George Irvine was a former ABA player who became an NBA coach for the Indiana Pacers and Detroit Pistons. He died after battling cancer, and the Pacers announced his death May 9 after speaking with Irvine’s family. He was 69. He averaged 9.5 points per game in 325 ABA games over five seasons for the Virginia Squires and three games with the Denver Nuggets before he suffered a career-ending knee injury in the 1975-76 season. He coached the Pacers during 1984-86 and again as interim coach in 1988-89. Irvine also coached the Pistons during 1999-2001 and finished his coaching career with a 100-190 record.
Lloyd Cotsen made a fortune as chairman of the Neutrogena soap and cosmetics company and devoted millions to charity. He died May 8 at his home in Beverly Hills, Calif. He was 88. He joined his father-in-law’s cosmetics firm, and by 1967 he was president. He marketed Neutrogena by getting luxury hotels to buy it and dermatologists to recommend it. The company was sold to Johnson & Johnson in 1994 for $924 million, of which Cotsen received about $350 million. He donated millions to UCLA, which renamed its archaeology institute in his honor.
Stan Weston was a creator of the original G.I. Joe action figure, one of the most popular toys ever produced. He died May 1 at his home in Santa Monica, Calif., of complications from surgery, said his daughter, Cindy Winebaum. He was 84. Weston took his idea for an outfitted military figure to Hasbro, then called Hassenfeld Bros., which purchased the concept for a reported $100,000. Sales later reached into the billions. He sued over rights to the toy and reached a settlement last year, according to the Los Angeles Times.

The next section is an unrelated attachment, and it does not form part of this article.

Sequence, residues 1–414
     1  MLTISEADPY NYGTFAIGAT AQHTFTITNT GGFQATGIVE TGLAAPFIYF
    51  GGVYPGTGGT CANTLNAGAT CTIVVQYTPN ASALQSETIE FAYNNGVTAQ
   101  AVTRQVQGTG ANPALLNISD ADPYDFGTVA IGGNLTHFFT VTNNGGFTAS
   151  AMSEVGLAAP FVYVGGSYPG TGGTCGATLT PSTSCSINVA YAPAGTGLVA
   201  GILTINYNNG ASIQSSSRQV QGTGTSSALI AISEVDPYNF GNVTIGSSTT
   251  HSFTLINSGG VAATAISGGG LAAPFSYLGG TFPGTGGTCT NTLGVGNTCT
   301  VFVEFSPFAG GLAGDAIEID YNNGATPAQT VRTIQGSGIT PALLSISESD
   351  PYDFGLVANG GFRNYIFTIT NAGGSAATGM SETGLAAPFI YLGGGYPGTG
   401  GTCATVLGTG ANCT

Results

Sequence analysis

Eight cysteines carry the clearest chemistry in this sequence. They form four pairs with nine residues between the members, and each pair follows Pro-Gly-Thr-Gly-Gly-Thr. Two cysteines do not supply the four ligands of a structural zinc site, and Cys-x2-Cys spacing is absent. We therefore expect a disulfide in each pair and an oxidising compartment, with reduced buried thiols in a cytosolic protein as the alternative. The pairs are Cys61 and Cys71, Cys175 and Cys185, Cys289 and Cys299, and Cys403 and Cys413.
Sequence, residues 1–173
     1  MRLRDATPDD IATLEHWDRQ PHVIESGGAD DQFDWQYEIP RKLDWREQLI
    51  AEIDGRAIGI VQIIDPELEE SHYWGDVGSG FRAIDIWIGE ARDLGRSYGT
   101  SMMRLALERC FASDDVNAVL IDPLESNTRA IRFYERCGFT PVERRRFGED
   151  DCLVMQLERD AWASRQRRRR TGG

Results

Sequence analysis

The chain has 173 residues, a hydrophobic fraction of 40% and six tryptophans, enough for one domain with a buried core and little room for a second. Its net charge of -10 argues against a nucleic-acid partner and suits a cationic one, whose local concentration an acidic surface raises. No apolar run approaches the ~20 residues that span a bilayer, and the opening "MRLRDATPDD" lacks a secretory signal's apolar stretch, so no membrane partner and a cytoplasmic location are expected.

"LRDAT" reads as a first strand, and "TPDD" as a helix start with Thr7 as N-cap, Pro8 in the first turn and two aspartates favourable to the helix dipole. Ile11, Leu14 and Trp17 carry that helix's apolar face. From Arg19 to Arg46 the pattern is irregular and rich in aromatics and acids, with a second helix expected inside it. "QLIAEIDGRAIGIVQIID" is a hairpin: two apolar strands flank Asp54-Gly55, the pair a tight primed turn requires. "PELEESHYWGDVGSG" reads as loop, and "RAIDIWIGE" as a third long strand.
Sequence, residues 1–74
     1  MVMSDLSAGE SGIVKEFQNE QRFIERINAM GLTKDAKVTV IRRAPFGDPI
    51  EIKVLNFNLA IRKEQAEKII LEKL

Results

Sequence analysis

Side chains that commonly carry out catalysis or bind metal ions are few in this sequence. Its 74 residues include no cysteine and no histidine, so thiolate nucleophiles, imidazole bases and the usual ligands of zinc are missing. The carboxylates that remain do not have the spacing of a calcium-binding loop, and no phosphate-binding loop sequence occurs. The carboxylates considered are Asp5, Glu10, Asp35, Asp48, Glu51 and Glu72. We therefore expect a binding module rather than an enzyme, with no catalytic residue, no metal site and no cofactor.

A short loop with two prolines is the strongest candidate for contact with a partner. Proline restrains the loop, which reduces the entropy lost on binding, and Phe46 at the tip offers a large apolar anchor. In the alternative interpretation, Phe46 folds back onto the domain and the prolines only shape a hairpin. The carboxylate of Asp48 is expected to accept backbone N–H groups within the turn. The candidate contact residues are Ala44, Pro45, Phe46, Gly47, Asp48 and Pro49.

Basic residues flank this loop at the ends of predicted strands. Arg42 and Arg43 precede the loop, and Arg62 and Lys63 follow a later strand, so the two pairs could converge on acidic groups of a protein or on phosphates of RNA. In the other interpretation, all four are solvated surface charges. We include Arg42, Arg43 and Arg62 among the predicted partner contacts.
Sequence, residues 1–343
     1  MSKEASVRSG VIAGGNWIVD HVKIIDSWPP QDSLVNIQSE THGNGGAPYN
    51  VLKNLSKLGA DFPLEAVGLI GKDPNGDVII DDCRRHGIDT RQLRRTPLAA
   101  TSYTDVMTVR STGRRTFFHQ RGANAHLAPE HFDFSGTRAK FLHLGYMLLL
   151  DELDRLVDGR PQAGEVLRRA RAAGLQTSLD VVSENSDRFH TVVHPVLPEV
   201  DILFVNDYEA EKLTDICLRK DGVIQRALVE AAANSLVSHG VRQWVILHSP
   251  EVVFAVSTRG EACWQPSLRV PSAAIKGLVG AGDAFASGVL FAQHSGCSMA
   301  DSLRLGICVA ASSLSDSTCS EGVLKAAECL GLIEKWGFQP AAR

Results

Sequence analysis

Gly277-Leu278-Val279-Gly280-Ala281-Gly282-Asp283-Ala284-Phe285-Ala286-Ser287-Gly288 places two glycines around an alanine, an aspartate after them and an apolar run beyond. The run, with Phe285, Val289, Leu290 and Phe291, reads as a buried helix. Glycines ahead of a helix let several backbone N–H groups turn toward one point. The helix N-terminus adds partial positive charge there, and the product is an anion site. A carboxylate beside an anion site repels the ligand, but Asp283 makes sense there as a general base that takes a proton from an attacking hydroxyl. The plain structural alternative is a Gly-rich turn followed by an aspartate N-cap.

Miriam Gannon was a Massachusetts woman who became a foster mother to more than 70 children. She died May 5 of lymphoma at her home in Braintree, The Boston Globe reported. She was 82. She and her husband, Matthew, were attending Sunday Mass in the 1960s when the priest pleaded for foster homes for children. Gannon and her husband adopted nearly two dozen of their foster children over the years and became legal guardians to many more. She said in 2010 the children knew they were loved “the minute they walked in the door.”
Mauno Koivisto was Finland’s last president during the Cold War. He died May 12 at a Helsinki hospital. He was 93. His wife, Tellervo Koivisto, said earlier this year that he suffered severely from Alzheimer’s disease. Koivisto served two six-year terms between 1982 and 1994. His down-to-earth manner and dry humor, often laced with sarcasm and philosophical pondering, made him popular among ordinary Finns, but also led to political opponents.
Qian Qichen was a former Chinese vice premier and top diplomat who oversaw the handover of Hong Kong from Britain to China. He died May 9 of an unspecified illness, the Xinhua News Agency said, citing an official statement. He was 90. He was chairman of a committee China appointed to prepare for Hong Kong’s change of sovereignty in 1997.
Compiled from news service reports by Chris Carter, email@example.com